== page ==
You also avoid some of the issues with having a distinct frontend/backend/ops split. What if your only backend dev wants to take two weeks off? You want the other team members to jump in and patch an API or deploy a new endpoint to unblock themselves.
Go is my language of choice, and I’m so happy to see it growing and people hiring for it.
The people I spoke to using Go are mainly focusing on ops platforms and data processing. Go has long been the ops language of choice and is embedded into a lot of modern toolchains.
One of the overlooked uses of Go is that it’s a complementary language to other, more established slower languages. If you have a monolith in Ruby, Node or PHP, Go can slot in around it as a series of data processing workers. Do you have a machine learning platform written in Python? Go can handle the grunt work and leave the data science work to Python. Combine that with serverless pipelines, and you can quickly build up a reasonably sophisticated MLOps system.
Go is also really simple to learn. It has a lower learning curve than Rust; it’s less prone to bugs than C and is more concise than Java. You also don’t need to hire Go engineers, you need to employ solid engineers, and they’ll pick up Go in a week or two.
There are still plenty of startups using the usual web framework suspects of Ruby, C#, PHP, Python and Java, and more specialised systems languages such as Rust, Scala and C++, and many esoteric functional languages in the blockchain space. So no matter what your stack of choice is, there’s plenty of startup jobs out there for you. But it feels, in Australia, at least Typescript and Go are in high growth areas with interesting, impactful projects.
Voice and AR are the technologies with the most potential
After the last 12 months of existing on video, I’m so glad to see voice taking off. It has all of the human qualities of video but a lot less of the cognitive overhead. Voice can be anything from 15-minute daily podcast news updates, Twitter Spaces/Clubhouse and home automation to companies providing audio aspects to their products that you can consume on the go. Voice is now my go-to way of consuming information.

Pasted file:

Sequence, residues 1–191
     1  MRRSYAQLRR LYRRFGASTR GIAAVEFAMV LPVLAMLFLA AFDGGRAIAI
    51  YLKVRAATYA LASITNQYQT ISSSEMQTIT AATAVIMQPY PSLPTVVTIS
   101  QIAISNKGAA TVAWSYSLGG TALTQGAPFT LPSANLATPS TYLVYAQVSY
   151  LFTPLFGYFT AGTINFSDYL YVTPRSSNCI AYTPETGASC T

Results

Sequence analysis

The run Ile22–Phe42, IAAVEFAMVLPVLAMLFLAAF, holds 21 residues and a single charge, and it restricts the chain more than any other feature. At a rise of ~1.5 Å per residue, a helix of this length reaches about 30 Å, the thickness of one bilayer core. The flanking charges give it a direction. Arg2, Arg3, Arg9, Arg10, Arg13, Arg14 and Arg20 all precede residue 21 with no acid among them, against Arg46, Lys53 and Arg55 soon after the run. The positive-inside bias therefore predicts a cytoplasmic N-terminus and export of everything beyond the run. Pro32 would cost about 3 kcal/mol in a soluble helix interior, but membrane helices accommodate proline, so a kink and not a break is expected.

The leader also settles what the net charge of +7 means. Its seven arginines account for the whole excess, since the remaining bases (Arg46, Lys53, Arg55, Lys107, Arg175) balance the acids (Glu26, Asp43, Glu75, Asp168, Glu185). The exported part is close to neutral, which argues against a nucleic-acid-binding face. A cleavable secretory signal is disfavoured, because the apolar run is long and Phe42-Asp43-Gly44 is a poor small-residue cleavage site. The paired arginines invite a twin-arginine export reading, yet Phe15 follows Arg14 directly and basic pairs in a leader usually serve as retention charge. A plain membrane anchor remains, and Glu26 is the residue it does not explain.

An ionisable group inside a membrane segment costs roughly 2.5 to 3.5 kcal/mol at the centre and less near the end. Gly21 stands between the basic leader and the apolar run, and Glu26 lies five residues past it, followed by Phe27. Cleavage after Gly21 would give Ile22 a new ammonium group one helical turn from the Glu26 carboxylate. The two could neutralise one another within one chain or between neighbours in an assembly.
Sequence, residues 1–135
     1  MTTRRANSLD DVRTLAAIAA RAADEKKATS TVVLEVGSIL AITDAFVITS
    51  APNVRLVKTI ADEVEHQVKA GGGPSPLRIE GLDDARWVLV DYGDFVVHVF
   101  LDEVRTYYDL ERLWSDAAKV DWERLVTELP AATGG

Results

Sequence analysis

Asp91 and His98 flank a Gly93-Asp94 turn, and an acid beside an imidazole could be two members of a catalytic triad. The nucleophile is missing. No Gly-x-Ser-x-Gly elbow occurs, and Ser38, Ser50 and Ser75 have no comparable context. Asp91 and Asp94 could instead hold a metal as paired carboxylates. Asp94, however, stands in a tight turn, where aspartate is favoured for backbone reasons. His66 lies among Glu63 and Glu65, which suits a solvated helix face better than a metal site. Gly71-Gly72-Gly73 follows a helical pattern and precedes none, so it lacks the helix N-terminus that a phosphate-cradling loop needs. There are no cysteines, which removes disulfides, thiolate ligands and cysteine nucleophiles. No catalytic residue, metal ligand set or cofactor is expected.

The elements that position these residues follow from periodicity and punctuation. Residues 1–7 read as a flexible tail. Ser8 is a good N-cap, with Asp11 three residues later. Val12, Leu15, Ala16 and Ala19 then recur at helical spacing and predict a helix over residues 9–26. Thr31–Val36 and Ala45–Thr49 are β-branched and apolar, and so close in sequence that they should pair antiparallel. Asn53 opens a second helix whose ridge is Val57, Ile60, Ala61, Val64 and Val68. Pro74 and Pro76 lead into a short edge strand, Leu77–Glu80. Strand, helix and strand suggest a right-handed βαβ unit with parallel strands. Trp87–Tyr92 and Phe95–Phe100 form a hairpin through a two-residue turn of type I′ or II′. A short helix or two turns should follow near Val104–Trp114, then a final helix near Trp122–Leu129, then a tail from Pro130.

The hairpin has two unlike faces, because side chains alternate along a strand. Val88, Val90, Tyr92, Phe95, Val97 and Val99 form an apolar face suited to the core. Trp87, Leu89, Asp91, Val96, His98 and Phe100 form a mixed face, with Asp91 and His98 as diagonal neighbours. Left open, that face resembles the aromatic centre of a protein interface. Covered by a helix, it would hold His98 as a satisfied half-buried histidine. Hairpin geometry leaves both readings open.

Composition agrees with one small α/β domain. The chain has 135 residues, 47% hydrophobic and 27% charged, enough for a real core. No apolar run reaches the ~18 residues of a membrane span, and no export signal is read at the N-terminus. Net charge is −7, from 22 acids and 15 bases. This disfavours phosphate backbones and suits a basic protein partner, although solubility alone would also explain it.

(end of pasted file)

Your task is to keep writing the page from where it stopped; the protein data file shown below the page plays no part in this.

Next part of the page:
Augmented Reality has had a slow start and has existed for years without really catching on. However, the latest technology improvements help the move from fun social media applications and e-commerce to more traditional businesses such as agriculture and construction. Once someone figures out how to build a contact lens or a pair of glasses that don’t weigh a ton, I can see it being a daily part of our lives.
There’s a lot of exciting things happening in the Ops space
DevOps-as-a-culture has a long way to go, and there are many companies out there still not quite managing to break out of the sysadmins-rebranded-as-DevOps culture. It’s heartening, though, to see some early startups leveraging the latest technologies released in 2021 to help them build their products.
I’ve spoken to people fully embracing Amazons new CDK as a replacement for Cloudformation/Terraform and teams rolling out Backstage to improve their engineering processes. Teams are trialling integrated production platforms such as Encore to get off the ground quicker, and people are building sophisticated MLOps pipelines to empower their data teams.
For the first time, I’ve also seen an uptake in true observability in early-stage startups. After years of seeing teams (myself included) install APMs, log aggregators and profilers and essentially forget about them, it’s refreshing to see people care about real-time application data.